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About The Red Cloud chief. (Red Cloud, Webster Co., Neb.) 1873-1923 | View Entire Issue (Sept. 27, 1907)
.. . . i
ran ixQoas 9a te
OF . HISTORY
t F. NEWHOUSE
By E. PHILLIPS OPPENHEIM,
Author of "The Master Mummer," "A Prince of Sinners," "Mysterious Mr.
Subln," "Anna the Adventuress," Etc.
Copyright, 1005, 1900. by LITTLE, IIUOWN. and COMPANY.
I (continued. I
with me," lie announced, "'lie' pledges
himself not to keep tut; more tlinn live
minutes. I had better receive lilni. Ex
cuse ne, gentlemen."
The two men were left iilono. The
older and stouter of the two busied
himself with it n Inch rule :md mi atlas,
lie seemed to be making calculations
ns to the distance between Cherbourg
and a certain spot in the North sea.
"What Is the chief's own mind?" his
companion asked. "Does any one
The other shook his head.
"Who can say? Our ties of friend
ship with England are too recent to
make this n matter of sentiment. I be
Hove that without proof lie fears to ac
cept this stntement. And yet above all
tilings ho fears Germany. There was
some talk of a missing page of the ac
tual front y between Russia and Ger
many. If tliis could be found I believe
that he would sign the draft treaty."
"I myself," the other said, "do not:
believe that England would lie so easi
"It is tlij suddenness nnd treachery
of the attack which counts so greatly
.in its favor," his companion said. "It
irlght bo all over In two days before
nhe could assemble n fifth part of her
forces. If our Information is correct
iiormany has men enough mobilized to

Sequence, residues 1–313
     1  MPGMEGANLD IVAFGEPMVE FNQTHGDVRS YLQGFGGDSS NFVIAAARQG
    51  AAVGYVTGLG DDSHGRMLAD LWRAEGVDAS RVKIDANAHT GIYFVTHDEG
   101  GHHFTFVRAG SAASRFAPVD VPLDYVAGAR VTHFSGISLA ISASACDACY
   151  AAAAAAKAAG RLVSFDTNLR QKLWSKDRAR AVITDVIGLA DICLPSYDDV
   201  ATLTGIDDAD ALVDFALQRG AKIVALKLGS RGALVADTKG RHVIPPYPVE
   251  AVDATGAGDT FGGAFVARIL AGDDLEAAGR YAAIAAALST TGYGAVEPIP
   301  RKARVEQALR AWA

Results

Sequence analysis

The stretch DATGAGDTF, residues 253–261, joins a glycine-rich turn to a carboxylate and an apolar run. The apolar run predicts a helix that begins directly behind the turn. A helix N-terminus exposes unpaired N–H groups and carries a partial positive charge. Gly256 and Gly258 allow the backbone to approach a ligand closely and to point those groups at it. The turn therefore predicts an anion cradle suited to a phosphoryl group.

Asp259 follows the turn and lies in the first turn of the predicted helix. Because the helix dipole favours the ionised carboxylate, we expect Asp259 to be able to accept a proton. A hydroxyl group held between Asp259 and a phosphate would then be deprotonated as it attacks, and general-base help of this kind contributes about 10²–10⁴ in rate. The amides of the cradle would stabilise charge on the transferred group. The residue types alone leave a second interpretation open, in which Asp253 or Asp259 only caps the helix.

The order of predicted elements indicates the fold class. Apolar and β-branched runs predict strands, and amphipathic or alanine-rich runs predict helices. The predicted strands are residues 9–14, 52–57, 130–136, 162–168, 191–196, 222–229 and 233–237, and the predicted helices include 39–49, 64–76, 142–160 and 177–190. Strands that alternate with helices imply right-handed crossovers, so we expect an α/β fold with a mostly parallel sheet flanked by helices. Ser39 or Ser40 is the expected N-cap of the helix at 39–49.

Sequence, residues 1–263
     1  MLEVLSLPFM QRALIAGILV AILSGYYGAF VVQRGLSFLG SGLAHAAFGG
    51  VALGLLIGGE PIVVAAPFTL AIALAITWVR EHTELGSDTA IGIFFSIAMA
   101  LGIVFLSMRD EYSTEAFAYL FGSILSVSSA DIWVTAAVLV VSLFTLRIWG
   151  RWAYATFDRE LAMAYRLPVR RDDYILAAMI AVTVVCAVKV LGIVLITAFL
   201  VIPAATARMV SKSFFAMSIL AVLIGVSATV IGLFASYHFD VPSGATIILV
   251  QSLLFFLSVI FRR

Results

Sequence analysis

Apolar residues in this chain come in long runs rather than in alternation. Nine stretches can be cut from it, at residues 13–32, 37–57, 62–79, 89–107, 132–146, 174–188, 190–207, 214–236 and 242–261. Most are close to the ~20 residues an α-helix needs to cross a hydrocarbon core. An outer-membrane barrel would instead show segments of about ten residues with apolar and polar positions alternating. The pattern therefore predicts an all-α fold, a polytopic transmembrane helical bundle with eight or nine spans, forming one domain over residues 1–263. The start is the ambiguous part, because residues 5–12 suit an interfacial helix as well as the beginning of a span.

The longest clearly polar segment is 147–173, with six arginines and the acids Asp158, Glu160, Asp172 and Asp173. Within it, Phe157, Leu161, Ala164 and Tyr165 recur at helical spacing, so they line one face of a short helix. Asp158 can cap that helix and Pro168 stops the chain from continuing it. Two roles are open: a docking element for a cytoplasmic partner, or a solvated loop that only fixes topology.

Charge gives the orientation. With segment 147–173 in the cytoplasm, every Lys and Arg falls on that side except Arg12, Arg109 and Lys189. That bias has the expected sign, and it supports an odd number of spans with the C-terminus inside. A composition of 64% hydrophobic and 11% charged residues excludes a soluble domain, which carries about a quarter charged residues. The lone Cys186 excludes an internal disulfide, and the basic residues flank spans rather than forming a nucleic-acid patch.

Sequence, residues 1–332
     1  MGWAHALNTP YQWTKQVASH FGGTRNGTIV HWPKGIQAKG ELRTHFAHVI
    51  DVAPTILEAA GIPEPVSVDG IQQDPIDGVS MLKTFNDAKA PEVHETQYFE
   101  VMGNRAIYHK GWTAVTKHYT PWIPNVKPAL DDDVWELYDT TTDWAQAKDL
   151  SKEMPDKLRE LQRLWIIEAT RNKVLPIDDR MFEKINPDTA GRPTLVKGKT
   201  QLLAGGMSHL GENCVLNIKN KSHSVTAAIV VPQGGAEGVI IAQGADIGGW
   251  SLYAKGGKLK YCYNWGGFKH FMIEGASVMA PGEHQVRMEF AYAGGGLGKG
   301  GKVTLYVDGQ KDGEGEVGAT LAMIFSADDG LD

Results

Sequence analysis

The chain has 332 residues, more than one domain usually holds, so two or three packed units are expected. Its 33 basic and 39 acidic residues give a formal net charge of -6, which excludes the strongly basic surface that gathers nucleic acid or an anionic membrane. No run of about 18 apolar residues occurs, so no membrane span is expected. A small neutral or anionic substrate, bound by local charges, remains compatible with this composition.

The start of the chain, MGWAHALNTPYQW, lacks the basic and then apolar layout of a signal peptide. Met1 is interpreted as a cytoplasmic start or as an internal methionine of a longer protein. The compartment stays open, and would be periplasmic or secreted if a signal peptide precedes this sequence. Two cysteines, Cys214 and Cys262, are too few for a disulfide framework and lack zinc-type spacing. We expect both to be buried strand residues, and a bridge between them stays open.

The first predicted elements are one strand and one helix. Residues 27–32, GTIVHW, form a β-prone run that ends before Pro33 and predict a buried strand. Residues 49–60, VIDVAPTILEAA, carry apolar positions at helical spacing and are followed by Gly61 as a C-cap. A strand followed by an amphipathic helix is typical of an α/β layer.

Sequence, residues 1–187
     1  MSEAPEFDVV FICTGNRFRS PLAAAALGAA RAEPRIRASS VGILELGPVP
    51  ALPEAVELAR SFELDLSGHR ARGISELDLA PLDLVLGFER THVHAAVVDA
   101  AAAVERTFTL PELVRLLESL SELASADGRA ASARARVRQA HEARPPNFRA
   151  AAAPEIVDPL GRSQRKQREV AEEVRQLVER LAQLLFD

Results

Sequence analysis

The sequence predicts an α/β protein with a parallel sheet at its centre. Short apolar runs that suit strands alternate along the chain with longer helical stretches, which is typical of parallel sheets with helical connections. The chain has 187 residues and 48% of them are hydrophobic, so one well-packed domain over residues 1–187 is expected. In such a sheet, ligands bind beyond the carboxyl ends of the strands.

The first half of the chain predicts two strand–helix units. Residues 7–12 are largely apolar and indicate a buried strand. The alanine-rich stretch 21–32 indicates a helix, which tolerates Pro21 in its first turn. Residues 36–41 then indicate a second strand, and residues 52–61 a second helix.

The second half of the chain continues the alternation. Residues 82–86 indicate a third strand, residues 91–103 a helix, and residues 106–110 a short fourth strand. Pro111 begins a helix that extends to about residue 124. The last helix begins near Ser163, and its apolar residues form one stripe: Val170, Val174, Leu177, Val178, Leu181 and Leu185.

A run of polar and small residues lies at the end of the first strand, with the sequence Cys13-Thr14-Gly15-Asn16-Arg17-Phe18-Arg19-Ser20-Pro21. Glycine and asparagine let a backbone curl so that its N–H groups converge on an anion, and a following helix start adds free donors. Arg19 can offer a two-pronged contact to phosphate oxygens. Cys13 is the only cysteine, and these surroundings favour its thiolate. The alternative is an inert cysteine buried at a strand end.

run huge risks. Besides, you know
siuufeu return (o his old briskness of
"It Is young Do Rerglllac," ho an
nounced. "He lias been to England in
search of that missing page of the
treaty. I have told them to show him
The vlcoiute entered, paler than over
from recent travel anil deeply humili
ated from the fact that there was a
smut upon his collar which he had no
tlmo to remove. Ho presented a paper
to M. Grlsson and bowed. The premier
spread it out upon the table, and the
faces of the three men as they read
became a study. M. Grlsson rang the
"M. lo Duo do Rerglllac and n young
English gentleman," he told the at
tendant, "are in my private retiring
room. Desire their presence."
The servant withdrew. The three
men looked at one another.
"if this Is genuine!" the younger
"It Is the Russian ofllclal paper,"
Ills vis-a-vis declared, holding It up to
Then the Due do nerglllae and Guy
Poynton were ushered lit. M. Grlsson
rose to ills feet.
"M. Poynton." lie said, "we have
all three heard your story as to what
you witnessed in the forests of Posen.
It Is part of your allegation Unit a pago
nf MM'lllni' frnm flin uplvntn ihi- vlilrlt
how Lafargo's report ran nnd what lie ,.,. , ,VIltpMn .vnfi ,,,... tn vmw